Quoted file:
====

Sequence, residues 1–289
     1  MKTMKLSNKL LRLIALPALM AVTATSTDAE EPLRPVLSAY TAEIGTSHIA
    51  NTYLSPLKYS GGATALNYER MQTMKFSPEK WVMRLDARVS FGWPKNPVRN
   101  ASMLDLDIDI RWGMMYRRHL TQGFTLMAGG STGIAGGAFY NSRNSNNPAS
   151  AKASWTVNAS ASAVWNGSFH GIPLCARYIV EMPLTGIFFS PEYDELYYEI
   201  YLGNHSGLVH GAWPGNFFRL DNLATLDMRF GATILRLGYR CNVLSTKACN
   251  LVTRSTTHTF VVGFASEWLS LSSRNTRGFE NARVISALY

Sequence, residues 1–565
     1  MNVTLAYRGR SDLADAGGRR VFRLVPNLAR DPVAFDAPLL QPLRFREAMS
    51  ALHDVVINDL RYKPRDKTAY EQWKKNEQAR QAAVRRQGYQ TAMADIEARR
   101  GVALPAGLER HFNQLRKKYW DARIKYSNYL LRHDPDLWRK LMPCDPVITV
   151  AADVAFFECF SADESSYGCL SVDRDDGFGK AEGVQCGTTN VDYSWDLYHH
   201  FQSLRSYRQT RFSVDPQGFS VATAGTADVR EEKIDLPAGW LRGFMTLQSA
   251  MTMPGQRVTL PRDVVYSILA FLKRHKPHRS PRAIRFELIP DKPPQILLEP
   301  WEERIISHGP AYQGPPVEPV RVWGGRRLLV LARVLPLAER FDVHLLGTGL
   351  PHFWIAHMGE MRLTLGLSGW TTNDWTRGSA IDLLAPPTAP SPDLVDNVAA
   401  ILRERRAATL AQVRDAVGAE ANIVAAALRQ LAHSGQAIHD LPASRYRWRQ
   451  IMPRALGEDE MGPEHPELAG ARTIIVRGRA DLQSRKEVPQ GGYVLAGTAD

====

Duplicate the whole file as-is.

Sequence, residues 1–289
     1  MKTMKLSNKL LRLIALPALM AVTATSTDAE EPLRPVLSAY TAEIGTSHIA
    51  NTYLSPLKYS GGATALNYER MQTMKFSPEK WVMRLDARVS FGWPKNPVRN
   101  ASMLDLDIDI RWGMMYRRHL TQGFTLMAGG STGIAGGAFY NSRNSNNPAS
   151  AKASWTVNAS ASAVWNGSFH GIPLCARYIV EMPLTGIFFS PEYDELYYEI
   201  YLGNHSGLVH GAWPGNFFRL DNLATLDMRF GATILRLGYR CNVLSTKACN
   251  LVTRSTTHTF VVGFASEWLS LSSRNTRGFE NARVISALY

Sequence, residues 1–565
     1  MNVTLAYRGR SDLADAGGRR VFRLVPNLAR DPVAFDAPLL QPLRFREAMS
    51  ALHDVVINDL RYKPRDKTAY EQWKKNEQAR QAAVRRQGYQ TAMADIEARR
   101  GVALPAGLER HFNQLRKKYW DARIKYSNYL LRHDPDLWRK LMPCDPVITV
   151  AADVAFFECF SADESSYGCL SVDRDDGFGK AEGVQCGTTN VDYSWDLYHH
   201  FQSLRSYRQT RFSVDPQGFS VATAGTADVR EEKIDLPAGW LRGFMTLQSA
   251  MTMPGQRVTL PRDVVYSILA FLKRHKPHRS PRAIRFELIP DKPPQILLEP
   301  WEERIISHGP AYQGPPVEPV RVWGGRRLLV LARVLPLAER FDVHLLGTGL
   351  PHFWIAHMGE MRLTLGLSGW TTNDWTRGSA IDLLAPPTAP SPDLVDNVAA
   401  ILRERRAATL AQVRDAVGAE ANIVAAALRQ LAHSGQAIHD LPASRYRWRQ
   451  IMPRALGEDE MGPEHPELAG ARTIIVRGRA DLQSRKEVPQ GGYVLAGTAD